A reporter asked Yankees manager Casey Stengel if this was the best game Larsen had ever pitched. Stengel diplomatically answered, "So far!" For Larsen, this was an especially satisfying performance, as he had acquired perhaps a better reputation as a night owl than as a pitcher. Stengel once said of Larsen, "The only thing he fears is sleep!"

Incredibly, Stengel is reported to have stated after the Series that Larsen's historic gem was not the best pitched game of the '56 classic; in his opinion, Bob Turley's losing effort in Game 6, in which he struck out eleven batters and lost a shutout in the tenth inning on a fielding mistake, was actually a better pitched game.

Sports cartoonist Willard Mullin drew an illustration of a happy Larsen painting a canvas titled The Perfect Game, observed by Mullin's classic "Brooklyn Bum." Referencing the old saw "I don't know much about art but I know what I like," the disgusted-looking Bum came up with a variation: "I don't care if it is art—I don't like it!"

The perfect game set the record for most consecutive hitless innings in a World Series; the Brooklyn Dodgers failed to record a hit in eleven consecutive innings.

Game 6[]

Tuesday, October 9, 1956 at Ebbets Field in Brooklyn, New York

Team 1 2 3 4 5 6 7 8 9 10 R H E
New York 0 0 0 0 0 0 0 0 0 0 0 7 0
Brooklyn 0 0 0 0 0 0 0 0 0 1 1 4 0

WP: Clem Labine (1–0)  LP: Bob Turley (0–1)  

Game 7[]

Wednesday, October 10, 1956 at Ebbets Field in Brooklyn, New York

Team 1 2 3 4 5 6 7 8 9 R H E
New York 2 0 2 1 0 0 4 0 0 9 10 0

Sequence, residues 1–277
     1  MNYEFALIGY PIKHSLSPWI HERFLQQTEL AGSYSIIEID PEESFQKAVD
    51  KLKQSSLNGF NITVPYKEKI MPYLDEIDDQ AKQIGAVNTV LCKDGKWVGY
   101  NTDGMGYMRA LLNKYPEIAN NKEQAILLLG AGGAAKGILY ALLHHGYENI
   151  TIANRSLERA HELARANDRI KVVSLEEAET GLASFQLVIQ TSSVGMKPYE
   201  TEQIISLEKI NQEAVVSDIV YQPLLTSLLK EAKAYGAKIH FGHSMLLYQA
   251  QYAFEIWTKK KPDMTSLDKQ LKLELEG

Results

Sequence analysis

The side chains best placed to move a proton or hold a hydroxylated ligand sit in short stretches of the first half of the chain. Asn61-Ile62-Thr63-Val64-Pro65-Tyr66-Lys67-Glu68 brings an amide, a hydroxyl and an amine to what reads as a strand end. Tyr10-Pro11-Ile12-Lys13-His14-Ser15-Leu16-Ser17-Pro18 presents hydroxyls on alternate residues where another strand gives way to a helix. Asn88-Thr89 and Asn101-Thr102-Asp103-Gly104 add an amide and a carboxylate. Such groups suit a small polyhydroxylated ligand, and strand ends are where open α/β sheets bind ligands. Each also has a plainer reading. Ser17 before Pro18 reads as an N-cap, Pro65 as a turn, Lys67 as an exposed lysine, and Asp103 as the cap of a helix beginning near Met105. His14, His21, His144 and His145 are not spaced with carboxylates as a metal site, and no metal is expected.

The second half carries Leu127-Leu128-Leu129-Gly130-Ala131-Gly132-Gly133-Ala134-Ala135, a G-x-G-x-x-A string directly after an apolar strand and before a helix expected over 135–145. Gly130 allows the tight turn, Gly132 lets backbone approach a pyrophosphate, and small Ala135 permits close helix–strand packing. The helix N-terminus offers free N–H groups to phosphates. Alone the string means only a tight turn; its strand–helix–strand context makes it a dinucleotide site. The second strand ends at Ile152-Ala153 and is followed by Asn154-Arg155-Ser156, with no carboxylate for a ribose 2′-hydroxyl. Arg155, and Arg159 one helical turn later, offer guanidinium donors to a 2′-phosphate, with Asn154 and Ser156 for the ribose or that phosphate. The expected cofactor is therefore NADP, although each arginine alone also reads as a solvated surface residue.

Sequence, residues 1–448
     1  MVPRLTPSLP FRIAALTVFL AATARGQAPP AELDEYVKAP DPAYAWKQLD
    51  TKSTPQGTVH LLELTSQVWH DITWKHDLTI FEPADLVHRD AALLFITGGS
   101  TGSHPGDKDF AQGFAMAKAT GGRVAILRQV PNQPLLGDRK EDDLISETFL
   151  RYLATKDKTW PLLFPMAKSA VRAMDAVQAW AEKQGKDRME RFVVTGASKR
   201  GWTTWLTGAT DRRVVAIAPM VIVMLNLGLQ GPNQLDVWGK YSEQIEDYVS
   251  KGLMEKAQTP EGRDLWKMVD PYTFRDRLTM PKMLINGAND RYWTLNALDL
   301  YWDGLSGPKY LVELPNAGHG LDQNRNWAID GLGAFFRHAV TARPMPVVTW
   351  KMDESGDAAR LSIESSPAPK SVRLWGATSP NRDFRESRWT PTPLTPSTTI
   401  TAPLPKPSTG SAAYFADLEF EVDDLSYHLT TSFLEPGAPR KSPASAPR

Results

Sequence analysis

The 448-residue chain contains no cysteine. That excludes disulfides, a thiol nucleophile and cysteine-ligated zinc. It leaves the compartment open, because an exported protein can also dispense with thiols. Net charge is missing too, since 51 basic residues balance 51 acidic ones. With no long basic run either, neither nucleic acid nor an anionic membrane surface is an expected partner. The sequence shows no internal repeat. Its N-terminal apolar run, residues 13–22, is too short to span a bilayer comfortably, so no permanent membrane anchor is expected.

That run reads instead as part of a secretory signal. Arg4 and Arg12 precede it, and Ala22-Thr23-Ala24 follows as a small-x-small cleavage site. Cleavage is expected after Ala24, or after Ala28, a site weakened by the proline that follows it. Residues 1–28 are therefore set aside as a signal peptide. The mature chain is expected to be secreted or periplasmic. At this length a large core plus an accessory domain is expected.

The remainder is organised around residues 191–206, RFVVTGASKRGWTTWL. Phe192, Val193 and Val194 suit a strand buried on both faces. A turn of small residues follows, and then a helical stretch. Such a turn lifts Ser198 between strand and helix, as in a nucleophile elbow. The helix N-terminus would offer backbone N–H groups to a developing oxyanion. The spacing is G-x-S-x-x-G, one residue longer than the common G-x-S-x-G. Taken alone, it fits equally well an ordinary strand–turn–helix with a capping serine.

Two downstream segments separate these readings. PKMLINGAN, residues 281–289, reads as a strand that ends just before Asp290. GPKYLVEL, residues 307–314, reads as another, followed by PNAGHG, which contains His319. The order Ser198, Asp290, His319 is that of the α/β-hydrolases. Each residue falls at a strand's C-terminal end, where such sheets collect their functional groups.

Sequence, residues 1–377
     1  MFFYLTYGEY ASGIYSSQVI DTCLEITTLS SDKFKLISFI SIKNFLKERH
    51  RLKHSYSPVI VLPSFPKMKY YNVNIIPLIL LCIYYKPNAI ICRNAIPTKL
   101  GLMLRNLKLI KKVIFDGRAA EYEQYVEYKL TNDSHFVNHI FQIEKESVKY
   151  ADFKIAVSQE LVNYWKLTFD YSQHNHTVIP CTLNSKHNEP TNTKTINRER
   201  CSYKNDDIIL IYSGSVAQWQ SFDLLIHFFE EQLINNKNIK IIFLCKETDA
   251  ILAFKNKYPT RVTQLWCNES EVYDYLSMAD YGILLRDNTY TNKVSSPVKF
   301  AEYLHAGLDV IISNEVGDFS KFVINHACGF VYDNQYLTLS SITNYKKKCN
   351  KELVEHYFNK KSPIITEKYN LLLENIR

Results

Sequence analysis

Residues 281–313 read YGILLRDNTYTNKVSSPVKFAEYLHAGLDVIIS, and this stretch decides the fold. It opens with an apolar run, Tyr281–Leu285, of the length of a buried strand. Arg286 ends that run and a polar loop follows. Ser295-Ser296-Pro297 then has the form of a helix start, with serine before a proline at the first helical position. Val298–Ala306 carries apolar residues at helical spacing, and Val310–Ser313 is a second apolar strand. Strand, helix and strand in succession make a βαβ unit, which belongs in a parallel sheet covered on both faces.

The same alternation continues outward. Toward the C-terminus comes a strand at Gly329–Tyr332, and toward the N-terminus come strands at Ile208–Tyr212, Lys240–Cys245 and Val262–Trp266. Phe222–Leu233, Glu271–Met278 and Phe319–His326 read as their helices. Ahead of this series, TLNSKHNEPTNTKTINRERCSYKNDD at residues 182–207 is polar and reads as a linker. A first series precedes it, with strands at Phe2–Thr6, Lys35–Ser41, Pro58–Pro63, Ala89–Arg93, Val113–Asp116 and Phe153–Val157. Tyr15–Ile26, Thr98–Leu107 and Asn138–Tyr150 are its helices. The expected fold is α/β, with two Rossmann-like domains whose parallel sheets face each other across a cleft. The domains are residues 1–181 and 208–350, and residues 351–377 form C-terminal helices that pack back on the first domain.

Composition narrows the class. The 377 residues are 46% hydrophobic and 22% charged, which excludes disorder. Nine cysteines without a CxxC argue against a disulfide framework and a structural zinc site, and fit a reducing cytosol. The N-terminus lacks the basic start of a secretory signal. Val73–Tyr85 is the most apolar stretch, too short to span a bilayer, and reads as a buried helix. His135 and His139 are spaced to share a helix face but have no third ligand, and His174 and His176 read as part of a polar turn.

Brooklyn 0 0 0 0 0 0 0 0 0 0 3 1

WP: Johnny Kucks (1–0)  LP: Don Newcombe (0–1)  
HRs:  NYY – Yogi Berra 2 (3), Elston Howard (1), Bill Skowron (1)

Composite box[]

1956 World Series (4–3): New York Yankees (A.L.) over Brooklyn Dodgers (N.L.)

Team 1 2 3 4 5 6 7 8 9 10 R H E
New York Yankees 6 6 2 6 0 5 6 1 1 0 33 58 6
Brooklyn Dodgers 0 9 4 4 2 1 1 2 1 1 25 42 2
Total attendance: 345,903   Average attendance: 49,415
Winning player’s share: $8,715   Losing player’s share: $6,934[8]


Broadcasting[]

NBC televised the Series, with announcers Mel Allen (for the Yankees) and Vin Scully (for the Dodgers). In 2006 it was announced that a nearly-complete kinescope recording of the Game 5 telecast (featuring Larsen's perfect game) had been preserved and discovered by a collector.

The Mutual network aired the Series on radio, with Bob Wolff and Bob Neal announcing. This was the final World Series broadcast for Mutual, which had covered the event since 1935; NBC's radio network would gain exclusive national rights to baseball the following season.

Series quotes[]

So far!

Casey Stengel's response upon being asked by a seemingly dim-witted reporter whether his perfect game was the best game Larsen had ever pitched.

I'll guarantee that nobody, but nobody, has left his ballpark... and if anyone did manage to leave early, man, he's missin' ...the greatest! ... Two strikes and a ball... Mitchell, waiting, stands deep, feet close together... Larsen is ready, gets the sign... Two strikes, ball one, here comes the pitch... Strike three! A no-hitter, a perfect game for Don Larsen! Yogi runs up there, he leaps on Larsen and he's mobbed by his teammates! Listen to this crowd roar!

Radio call by Bob Wolff, superstitiously avoiding saying "no-hitter" until it was a fait accompli.

Notes[]

References[]

  • Neft, David S., and Richard M. Cohen. The World Series. 1st ed. New York: St Martins, 1990. (Neft and Cohen 259–264)
  • Reichler, Joseph, ed. (1982). The Baseball Encyclopedia (5th ed.), p. 2164. MacMillian Publishing. ISBN 0-02-579010-2.
  • Forman, Sean L.. 1956 World Series. Baseball-Reference.com - Major League Statistics and Information.. Retrieved on 2007-12-09.

External links[]